Stephen nodded, but Whitticomb wasn't finished. "Earlier today, she grew very anxious and frightened when she couldn't remember anything, so do not, under any circumstances, say or do anything to add to her anxiety. When we go in there, try to make her feel calm and reassured, and make certain any servant who enters this bedchamber is under the same orders. As I said, head wounds are very dangerous and very unpredictable, and we wouldn't want to lose her." Satisfied that he'd covered everything, he turned the handle.
Sheridan sensed the presence of people in the darkened room as she floated in a comforting gray mist, drifting in and out of sleep, her mind registering neither fear nor concern, only mild confusion. She clung to that blissful state, because it allowed her to escape the nameless fears and haunting questions nagging at the back of her mind.
The voice was very near her ear, kind but insistent and vaguely familiar.
He was speaking to her. She forced her eyes open and blinked, trying to focus, but her vision was strangely blurry and she saw two of everything, each object superimposed over the other.
She blinked again, and the images separated into two men, one of them middle-aged and gray-haired, with wire-rimmed spectacles and a neat mustache. He looked kindly and confident, just as he sounded. The other man was much younger. Handsome. Not so kindly. Not so confident, either. Worried.
The older man was smiling at her and speaking. "Do you remember me, Miss Lancaster?"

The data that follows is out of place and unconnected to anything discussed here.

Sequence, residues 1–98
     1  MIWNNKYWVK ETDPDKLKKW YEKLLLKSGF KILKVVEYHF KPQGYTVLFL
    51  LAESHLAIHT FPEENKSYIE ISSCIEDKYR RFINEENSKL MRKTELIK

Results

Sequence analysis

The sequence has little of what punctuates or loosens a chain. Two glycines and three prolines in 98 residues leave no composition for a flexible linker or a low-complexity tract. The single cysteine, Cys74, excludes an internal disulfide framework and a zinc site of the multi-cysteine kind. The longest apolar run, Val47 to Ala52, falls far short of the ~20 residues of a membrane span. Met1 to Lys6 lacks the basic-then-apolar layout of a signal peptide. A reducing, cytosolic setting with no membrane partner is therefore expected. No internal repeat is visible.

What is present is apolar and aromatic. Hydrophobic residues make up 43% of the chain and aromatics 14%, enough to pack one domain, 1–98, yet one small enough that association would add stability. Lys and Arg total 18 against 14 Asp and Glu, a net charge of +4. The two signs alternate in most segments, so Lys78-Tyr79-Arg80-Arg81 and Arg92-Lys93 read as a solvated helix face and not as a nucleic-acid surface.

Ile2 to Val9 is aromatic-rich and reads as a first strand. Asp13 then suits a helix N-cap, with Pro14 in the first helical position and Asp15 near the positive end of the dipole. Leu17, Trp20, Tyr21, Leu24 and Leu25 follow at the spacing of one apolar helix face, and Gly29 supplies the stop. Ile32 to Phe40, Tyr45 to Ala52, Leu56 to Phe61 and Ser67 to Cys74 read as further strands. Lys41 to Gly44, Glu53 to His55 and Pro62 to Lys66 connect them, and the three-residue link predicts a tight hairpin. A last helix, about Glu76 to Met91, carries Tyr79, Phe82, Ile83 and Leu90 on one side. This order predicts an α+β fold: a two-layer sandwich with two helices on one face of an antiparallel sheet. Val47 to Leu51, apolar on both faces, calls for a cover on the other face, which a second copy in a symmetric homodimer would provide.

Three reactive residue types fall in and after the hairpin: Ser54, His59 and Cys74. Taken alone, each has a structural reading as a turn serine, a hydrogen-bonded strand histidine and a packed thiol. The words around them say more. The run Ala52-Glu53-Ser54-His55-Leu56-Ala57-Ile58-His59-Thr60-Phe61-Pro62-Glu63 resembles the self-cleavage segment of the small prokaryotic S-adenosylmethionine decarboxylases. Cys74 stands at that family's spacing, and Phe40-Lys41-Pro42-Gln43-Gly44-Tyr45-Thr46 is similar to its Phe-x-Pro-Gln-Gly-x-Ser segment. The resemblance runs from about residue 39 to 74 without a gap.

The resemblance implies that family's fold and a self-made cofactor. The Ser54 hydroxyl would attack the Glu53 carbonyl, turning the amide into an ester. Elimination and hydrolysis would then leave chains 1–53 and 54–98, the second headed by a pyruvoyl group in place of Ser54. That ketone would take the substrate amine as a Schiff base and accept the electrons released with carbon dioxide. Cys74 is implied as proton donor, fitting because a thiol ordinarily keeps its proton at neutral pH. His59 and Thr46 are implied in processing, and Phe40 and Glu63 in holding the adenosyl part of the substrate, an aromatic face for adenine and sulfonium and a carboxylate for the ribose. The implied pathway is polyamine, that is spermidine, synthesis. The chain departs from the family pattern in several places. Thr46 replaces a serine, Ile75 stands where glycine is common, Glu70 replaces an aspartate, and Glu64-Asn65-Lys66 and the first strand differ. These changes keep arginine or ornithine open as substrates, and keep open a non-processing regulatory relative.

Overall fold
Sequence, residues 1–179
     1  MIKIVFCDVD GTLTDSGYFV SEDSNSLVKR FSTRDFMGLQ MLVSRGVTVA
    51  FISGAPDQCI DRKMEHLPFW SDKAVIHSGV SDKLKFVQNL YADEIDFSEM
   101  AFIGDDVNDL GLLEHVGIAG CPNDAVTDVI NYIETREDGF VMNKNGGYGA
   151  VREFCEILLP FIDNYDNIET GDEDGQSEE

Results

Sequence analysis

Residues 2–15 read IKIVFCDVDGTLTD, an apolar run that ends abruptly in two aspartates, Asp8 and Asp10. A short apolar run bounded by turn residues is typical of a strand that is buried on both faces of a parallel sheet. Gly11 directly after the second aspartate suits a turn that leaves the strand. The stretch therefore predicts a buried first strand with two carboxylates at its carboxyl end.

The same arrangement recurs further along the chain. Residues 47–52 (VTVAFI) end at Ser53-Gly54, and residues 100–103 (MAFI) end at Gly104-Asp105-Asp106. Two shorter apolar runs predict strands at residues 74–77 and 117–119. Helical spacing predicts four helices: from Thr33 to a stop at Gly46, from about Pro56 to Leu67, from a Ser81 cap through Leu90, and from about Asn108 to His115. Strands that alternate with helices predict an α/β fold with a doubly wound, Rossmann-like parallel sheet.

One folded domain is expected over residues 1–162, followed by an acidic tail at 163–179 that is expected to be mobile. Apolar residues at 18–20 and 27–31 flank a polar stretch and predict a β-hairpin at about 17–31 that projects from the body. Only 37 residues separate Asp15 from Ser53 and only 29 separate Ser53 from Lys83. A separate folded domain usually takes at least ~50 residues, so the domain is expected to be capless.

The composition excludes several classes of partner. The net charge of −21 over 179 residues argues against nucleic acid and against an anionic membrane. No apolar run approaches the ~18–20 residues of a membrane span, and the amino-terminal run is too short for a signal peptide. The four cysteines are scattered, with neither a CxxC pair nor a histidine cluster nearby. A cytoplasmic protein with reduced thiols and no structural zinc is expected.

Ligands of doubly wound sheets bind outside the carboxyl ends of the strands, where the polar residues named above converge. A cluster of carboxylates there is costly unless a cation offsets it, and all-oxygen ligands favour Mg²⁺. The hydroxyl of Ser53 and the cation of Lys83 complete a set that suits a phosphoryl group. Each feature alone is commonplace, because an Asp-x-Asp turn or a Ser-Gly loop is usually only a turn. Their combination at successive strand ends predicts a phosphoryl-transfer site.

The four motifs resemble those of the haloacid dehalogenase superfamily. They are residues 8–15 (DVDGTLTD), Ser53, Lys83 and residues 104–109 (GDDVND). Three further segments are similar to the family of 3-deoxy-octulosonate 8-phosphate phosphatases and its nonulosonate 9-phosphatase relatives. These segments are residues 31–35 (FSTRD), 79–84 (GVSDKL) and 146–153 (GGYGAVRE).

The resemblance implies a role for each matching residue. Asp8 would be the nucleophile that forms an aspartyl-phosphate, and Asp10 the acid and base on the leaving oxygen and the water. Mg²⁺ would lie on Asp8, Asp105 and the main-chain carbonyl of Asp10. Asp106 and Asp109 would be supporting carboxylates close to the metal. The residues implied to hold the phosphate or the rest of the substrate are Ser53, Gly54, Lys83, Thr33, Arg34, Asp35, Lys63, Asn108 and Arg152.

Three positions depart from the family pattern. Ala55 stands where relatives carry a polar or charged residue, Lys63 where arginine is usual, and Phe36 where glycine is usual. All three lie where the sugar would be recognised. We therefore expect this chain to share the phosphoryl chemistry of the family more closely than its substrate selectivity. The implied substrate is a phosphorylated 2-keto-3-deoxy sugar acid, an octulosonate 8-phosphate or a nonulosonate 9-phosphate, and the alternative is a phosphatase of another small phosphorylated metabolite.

Sheridan started to nod, but movement made her head hurt so horribly that spontaneous tears burned her eyes.
"Miss Lancaster, do you remember me? Do you know who I am?"
Careful not to move her head when she spoke, she answered his question: "Doctor." Her lips felt dry and cracked, but talking didn't seem to make her headache more intense. The moment she realized that, her own questions began to rush in on her. "Where am I?"
"Where?" she persisted.
"You're in England. You sailed here from America."
For some reason, that made her feel uneasy, depressed. "Why?"
The two men exchanged a glance, then the doctor said reassuringly, "That will all come back to you in due time. Don't concern yourself with anything right now."
"I… want to know," she insisted, her whisper hoarse with tension.
"Very well, child," he agreed at once, patting her arm. After a slight hesitation he smiled as if he were giving her happy news and said, "You came here to join your fiancé."
A fiancé. Evidently, she was betrothed… to the other man, she decided, because he was the one who'd looked the most worried about her. Worried and exhausted. She shifted her gaze to the younger man and gave him a wan, reassuring smile, but he was frowning at the physician, who was shaking his head at him in some sort of warning. That frown bothered her for some reason, and so did the physician's warning look, but she didn't know why. It was incongruous, but at that moment, when she knew not who she was or where she'd been or how she came to be here, the only thing she did seem to know for certain was that one must always apologize for causing unhappiness to another. She knew that rule of courtesy as if it were deeply ingrained in her—instinctive, imperative, urgent.